"While the proposal for insertion of a proviso to section 11-B in order to enable the creation of posts of bailiffs to Labour Courts/Industrial Tribunals, is under the consideration of the Government, the Hon'ble High Court of Madras have issued the direction to file proposal to sanction additional staff and infrastructure in view of the introduction of section 11-B in the Industrial Disputes Act by Tamil Nadu Amendment Act 45 of 2008 and the consequential Government Order issued in G.O.No.134, Labour and Employment Department dated 7.11.2008. In this connection, in compliance with the directions of the High Court, I am to request the Registrar General, High Court to send necessary proposals to provide one Head Bailiff and a junior Bailiff along with infrastructure to each of the 12 labour courts and Industrial Tribunal functioning in the State of Tamilnadu, in view of the introduction of section 11-B in the Industrial Disputes by Tamil Nadu Amendment Act 45 of 2008 and the consequential Government Order issued in G.O.No.134, Labour and Employment Department dated 7.11.2008 so as to enable the Government to accord sanction for the same and to comply with the directions of the Honourable High Court of Madras."
12.Thereafter, pursuant to the direction issued by this court on 16.4.2010, a status report was sent on 22.4.2010. In that report, it was stated as follows:
"In this connection, in compliance with the directions of the High Court, the Government have requested the Registrar General to send necessary proposals to appoint required number of Bailiffs and to provide infrastructure to labour courts and Industrial Tribunal functioning in the State of Tamilnadu, in view of the introduction of section 11-B in the Industrial Disputes Act by Tamil Nadu Amendment Act 45 of 2008 and the consequential Government Order issued in G.O.No.134, Labour and Employment Department dated 7.11.2008, so as to enable the Government to accord sanction for the same and comply with the directions of the Honourable High Court of Madras."
13.Pursuant to the request made by the State Government, the Registrar General of this Court sent a proposal after consulting with the Labour judiciary giving details of the total number of staff, pay scales as well as expenditure towards recurring as well as non recurring expenditures including infrastructures and additional accommodation that was required. The operative portion of that letter reads as follows:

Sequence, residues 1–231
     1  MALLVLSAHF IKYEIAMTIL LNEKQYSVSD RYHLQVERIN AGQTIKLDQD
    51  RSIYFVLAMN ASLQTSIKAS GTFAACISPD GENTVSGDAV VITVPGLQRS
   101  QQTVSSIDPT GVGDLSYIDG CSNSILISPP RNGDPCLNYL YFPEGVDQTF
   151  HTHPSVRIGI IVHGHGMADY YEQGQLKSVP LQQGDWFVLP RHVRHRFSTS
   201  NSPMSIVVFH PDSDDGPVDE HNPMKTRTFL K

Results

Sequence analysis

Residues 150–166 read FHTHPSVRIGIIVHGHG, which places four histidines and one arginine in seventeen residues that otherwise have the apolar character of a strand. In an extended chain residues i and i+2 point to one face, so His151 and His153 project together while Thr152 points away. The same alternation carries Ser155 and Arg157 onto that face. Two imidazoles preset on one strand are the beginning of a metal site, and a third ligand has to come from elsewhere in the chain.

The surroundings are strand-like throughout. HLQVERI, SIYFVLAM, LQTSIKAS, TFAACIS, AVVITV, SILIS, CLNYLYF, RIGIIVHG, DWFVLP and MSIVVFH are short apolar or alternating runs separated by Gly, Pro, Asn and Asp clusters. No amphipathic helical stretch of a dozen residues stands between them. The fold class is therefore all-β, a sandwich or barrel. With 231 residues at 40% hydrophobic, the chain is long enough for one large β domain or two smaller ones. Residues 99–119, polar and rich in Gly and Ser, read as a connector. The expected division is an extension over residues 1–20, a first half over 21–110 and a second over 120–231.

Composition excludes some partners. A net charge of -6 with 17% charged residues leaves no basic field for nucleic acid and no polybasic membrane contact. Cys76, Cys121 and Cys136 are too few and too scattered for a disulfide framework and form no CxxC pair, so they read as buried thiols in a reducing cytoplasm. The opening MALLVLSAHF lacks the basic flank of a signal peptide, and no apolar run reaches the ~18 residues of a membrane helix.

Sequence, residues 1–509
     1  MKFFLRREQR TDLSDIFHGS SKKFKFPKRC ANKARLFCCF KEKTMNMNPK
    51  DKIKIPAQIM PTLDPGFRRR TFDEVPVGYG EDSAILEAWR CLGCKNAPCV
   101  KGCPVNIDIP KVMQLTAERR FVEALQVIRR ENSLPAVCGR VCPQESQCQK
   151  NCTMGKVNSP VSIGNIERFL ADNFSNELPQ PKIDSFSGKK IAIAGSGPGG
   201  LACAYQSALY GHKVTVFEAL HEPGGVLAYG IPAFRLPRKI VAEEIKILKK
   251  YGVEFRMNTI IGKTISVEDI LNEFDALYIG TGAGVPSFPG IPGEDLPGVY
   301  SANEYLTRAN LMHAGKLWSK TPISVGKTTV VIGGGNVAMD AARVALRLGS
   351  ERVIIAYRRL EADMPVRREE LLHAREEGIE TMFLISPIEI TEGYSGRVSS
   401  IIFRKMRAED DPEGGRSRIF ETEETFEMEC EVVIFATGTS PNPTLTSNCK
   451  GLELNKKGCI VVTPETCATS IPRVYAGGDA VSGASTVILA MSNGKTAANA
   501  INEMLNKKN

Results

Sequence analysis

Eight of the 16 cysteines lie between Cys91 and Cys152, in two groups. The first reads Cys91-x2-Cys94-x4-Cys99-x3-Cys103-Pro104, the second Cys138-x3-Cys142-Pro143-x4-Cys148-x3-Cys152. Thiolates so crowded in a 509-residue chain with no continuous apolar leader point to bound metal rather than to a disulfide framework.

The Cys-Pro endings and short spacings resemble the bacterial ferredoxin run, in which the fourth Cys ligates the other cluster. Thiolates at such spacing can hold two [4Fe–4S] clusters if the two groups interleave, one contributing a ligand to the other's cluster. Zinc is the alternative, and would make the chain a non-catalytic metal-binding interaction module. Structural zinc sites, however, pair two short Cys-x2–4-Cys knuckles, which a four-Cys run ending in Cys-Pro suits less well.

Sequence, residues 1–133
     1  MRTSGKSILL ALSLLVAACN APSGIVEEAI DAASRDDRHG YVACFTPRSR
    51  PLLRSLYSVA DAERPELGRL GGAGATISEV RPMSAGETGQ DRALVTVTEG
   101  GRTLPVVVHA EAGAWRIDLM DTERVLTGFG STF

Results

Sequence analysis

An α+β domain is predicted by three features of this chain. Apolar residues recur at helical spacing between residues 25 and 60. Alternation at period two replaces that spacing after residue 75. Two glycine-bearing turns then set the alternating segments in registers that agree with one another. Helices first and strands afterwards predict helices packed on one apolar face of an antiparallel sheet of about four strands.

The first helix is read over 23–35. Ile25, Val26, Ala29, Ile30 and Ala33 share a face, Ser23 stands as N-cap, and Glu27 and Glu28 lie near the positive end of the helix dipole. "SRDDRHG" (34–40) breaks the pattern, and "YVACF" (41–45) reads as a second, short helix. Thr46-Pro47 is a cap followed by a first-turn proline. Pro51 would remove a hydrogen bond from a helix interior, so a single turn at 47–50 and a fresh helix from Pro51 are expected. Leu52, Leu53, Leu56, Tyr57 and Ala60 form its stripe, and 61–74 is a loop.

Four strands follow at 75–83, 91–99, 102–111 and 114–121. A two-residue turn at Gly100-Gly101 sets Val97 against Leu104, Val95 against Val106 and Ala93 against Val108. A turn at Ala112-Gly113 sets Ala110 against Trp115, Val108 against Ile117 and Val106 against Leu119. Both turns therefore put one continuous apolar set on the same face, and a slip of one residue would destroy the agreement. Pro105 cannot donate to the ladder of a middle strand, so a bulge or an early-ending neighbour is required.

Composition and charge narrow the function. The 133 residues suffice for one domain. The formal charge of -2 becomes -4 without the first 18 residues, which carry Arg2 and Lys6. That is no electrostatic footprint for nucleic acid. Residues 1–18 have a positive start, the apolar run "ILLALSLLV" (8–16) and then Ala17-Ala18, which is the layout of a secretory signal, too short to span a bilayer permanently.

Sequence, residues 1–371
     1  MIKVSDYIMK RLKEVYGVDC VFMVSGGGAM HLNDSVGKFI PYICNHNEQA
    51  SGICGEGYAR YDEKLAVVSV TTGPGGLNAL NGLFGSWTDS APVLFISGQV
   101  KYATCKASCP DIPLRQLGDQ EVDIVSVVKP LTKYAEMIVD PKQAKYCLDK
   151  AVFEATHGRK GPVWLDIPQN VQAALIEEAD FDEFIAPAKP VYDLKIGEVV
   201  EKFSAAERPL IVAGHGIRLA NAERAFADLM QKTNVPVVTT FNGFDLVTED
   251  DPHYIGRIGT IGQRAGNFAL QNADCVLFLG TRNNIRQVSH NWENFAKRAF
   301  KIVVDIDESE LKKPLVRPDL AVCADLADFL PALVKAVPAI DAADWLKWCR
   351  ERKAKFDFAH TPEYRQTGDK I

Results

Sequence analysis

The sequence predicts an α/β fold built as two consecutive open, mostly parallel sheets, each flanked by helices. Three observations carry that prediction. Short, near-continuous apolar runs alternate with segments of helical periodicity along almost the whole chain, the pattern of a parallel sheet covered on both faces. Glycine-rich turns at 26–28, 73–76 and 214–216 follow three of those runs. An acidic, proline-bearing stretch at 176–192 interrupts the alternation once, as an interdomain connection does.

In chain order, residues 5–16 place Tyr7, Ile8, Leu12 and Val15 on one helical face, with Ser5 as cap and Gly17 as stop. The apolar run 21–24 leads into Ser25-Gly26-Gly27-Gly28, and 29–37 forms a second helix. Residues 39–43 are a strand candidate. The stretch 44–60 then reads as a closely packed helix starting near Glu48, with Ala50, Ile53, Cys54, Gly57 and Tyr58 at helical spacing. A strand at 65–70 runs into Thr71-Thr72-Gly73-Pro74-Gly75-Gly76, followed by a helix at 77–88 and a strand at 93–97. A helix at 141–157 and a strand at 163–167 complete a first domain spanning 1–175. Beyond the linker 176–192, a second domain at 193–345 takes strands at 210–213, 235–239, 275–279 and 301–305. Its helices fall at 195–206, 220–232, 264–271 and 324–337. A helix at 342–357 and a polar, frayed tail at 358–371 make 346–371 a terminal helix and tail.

"I am, therefore, to request that necessary orders of the Government for the sanction of 34 posts along with infrastructure for the creation of Nazareth establishment to each Labour Courts functioning ie. 8 units in the state of Tamil Nadu, may kindly be obtained and communicated to the High Court, immediately."
14.After the receipt of the proposal sent by the High Court, the Government had submitted a status report on 6.8.2010. In page 4 of the Status Report, it was stated as follows:
"It is submitted that for the sanction the Non recurring and Recurring expenditure the consent of Finance Department has to be obtained. For creation 34 posts in each Labour Courts, the consent of Home, Finance and P & AR Department and then the approval of Staff Committee is required.
After obtaining the consent from both the Advisory Department the file has to be circulated and order in circulation has to be obtained.
As these administrative procedure are mandatory and to followed scrupulously, it will take some more time to finalise the issue. It is submitted that complying the order of this Hon'ble Court, it will take some more time. Hence, it is just and necessary to grant extension of time to comply fully the order of this Hon'ble Court.
It is also submitted that if the extension of time is not granted, the Respondents will be put into much hardship.
In view of the facts and circumstances as stated above, it is humbly prayed that this Hon'ble Court may be pleased to grant extension of time for a period of 3 months to comply with the order dated 16.04.2010 in W.P.No.1949 of 2010 and thus render justice." (Emphasis added)
15.Thereafter, the Government sent letters asking for further particulars regarding details of the staff available, existing infrastructure available and the financial commitments involved. Apparently, these two letters were not signed by the Secretary, but by the Additional Secretary. Even though in the earlier letters sent and reflected in the status report, all the details were made available, attempts were made to delay the issue intentionally. The Government had its own reservation about sanctioning such amounts which may work out to Rs.4.5 Crores per annum with additional amounts towards creation of infrastructure. However suddenly there was an volte face by the Government. The first respondent sent a reply dated 02.11.2010 to the Registrar General. The operative portion of the reply found in paragraphs 4 and 5 reads as follows: